Beckett is a decent pick-up, solidifying a rotation that had suddenly thinned with injuries. Los Angeles’ pitching staff is holding opposing teams to just 3.7 runs per game, the second-best mark in the NL, but injuries to Chad Billingsley and Ted Lilly has left some holes in their rotation. Despite leading Boston to a World Series and putting together a nice 89-58 record and a 4.17 ERA throughout his Red Sox career, Beckett had worn out his welcome in Boston. He was 5-11 with a 5.23 ERA for the Sox this season, and reports about his clubhouse poisoning spoiled his accomplishments in the eyes of many Boston sports fans. However, he’s still a very good veteran pitcher with a vicious curveball and polished command over a big league repertoire.

Beckett has the tools to put together a very nice tenure in Dodgertown. This season, he’s been performing better than his ERA and record suggest. Fenway Park is one of the hardest on right-handed power-pitchers like Josh. The park’s short right field porch boosts left-handed hitter’s power numbers, while the leftfield green monster turns lazy fly-balls in to doubles. A big-game pitcher that feeds off adrenaline, he’s been able to overcome the park’s dimensions in past years by feeding off the roaring fan support. But now that times have changed and he’s no longer a fan-favorite, he’s getting hit-hard in front of the Fenway faithful. Facing him in Boston, batter’s have their OPS boosted by 73 points and slugging percentage by over fifty this year. Dodger stadium on the other hand, is much more pitcher-friendly, and has ranked in the bottom third in homerun factor during the past two seasons. A move from the heavy-hitting AL East in to the National League should also help Josh’s performance. So, controlling for Beckett’s 1.1 homerun rate, a number that can largely be blamed on his home park, he’s a solid pitcher, with a 4.39 xFIP. Though his ERA has yo-yo’d, Beckett is actually fairly consistent, with a sub-four FIP in four of the past six seasons.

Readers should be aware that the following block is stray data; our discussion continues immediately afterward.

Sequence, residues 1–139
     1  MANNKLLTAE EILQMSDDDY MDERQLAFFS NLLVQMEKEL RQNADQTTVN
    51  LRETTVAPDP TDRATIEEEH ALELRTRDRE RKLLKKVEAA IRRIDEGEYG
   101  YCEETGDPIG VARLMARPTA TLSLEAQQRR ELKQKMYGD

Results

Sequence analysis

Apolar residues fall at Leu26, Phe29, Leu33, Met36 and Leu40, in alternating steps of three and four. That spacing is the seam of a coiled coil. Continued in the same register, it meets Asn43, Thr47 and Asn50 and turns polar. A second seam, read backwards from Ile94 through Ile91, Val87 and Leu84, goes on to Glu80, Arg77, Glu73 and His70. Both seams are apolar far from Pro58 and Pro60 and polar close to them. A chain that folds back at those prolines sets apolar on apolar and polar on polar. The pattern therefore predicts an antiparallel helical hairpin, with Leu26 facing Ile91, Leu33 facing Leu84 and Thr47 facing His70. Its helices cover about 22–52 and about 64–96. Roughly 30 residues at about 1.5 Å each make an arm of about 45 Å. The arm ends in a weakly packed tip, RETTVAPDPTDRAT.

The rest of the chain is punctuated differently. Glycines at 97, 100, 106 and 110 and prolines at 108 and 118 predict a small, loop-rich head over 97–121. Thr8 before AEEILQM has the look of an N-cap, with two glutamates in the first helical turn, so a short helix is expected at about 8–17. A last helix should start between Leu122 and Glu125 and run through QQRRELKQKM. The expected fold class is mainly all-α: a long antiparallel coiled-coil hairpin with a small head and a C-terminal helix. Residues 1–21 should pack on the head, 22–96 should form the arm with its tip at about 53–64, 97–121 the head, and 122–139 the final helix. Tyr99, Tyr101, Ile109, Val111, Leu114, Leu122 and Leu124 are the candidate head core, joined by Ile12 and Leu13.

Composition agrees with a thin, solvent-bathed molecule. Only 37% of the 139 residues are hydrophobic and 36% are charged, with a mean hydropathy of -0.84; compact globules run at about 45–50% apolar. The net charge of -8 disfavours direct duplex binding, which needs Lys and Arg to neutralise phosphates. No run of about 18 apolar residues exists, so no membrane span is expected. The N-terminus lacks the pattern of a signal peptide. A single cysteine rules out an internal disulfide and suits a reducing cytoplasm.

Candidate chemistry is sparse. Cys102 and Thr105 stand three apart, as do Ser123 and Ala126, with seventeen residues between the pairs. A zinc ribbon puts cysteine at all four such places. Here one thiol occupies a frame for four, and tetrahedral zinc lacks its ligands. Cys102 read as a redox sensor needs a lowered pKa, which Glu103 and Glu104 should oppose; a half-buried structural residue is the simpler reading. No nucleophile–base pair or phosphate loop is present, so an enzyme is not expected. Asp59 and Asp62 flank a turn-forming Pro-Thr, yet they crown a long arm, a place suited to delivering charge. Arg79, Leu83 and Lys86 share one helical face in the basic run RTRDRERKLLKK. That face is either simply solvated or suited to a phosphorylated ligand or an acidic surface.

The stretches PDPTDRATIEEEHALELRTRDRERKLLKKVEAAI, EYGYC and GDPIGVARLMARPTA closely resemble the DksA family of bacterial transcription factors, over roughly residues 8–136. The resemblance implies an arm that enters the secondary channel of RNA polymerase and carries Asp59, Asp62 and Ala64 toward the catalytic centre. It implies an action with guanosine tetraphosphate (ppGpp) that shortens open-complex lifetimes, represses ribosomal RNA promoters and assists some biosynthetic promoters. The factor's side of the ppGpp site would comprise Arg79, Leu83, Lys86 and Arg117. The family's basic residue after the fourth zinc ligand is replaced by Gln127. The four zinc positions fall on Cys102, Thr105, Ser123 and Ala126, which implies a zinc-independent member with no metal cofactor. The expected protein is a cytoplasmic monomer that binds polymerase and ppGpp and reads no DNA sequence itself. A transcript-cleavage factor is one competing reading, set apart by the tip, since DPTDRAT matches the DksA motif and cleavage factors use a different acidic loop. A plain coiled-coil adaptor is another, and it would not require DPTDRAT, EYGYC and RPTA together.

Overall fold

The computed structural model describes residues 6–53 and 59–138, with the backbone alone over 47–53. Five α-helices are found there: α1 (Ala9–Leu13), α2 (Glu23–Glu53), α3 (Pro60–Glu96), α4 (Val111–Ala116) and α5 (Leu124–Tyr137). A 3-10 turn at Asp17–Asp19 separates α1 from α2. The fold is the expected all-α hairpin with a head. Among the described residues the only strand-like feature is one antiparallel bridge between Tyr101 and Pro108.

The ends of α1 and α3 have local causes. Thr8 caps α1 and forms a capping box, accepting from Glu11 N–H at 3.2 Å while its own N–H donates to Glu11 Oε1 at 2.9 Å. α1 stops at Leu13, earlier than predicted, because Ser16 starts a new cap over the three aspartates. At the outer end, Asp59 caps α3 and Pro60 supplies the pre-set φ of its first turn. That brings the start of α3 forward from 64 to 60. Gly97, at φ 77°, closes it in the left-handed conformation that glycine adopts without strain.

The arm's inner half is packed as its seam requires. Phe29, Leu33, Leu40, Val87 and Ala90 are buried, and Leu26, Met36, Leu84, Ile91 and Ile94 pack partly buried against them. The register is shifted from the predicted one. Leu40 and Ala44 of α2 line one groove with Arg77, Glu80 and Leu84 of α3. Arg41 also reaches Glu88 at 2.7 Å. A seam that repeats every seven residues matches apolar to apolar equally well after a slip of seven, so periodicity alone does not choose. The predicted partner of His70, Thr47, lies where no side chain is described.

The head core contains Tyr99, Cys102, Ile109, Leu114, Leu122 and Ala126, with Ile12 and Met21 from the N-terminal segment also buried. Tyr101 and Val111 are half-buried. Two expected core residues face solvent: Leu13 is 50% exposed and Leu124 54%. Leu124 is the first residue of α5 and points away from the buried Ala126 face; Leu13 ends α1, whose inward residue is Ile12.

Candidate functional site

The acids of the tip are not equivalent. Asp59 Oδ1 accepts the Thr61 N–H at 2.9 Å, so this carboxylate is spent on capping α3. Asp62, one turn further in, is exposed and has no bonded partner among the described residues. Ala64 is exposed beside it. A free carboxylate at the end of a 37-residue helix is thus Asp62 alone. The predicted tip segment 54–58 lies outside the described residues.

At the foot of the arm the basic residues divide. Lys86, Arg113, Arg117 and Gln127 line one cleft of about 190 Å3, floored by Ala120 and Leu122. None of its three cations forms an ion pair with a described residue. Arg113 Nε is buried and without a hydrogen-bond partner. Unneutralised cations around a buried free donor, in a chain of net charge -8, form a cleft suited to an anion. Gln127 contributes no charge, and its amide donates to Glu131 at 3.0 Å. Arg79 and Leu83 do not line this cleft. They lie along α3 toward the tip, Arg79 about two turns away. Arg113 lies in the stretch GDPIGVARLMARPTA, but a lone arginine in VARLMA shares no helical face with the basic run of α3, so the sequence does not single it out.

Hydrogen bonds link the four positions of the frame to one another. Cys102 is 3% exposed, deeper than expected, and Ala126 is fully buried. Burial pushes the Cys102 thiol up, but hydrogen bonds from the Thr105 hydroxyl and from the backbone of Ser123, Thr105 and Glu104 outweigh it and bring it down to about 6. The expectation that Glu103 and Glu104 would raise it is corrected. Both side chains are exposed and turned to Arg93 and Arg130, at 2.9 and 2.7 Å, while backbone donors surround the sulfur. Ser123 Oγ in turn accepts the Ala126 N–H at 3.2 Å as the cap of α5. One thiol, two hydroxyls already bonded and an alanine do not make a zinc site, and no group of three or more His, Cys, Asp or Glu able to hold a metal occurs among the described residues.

The Ugly 

But here’s where the Dodgers loose big time. Carl Crawford. It’s sad to say, but the former All-Star and Gold Glover is one of the least valuable players in baseball. He completely exhausts the Dodgers remaining payroll flexibility, with a ball-and-chain contract that stretches through 2017. He’s owed over $120 million in that span, and there’s almost no chance that he’ll come even close to living up to his salary.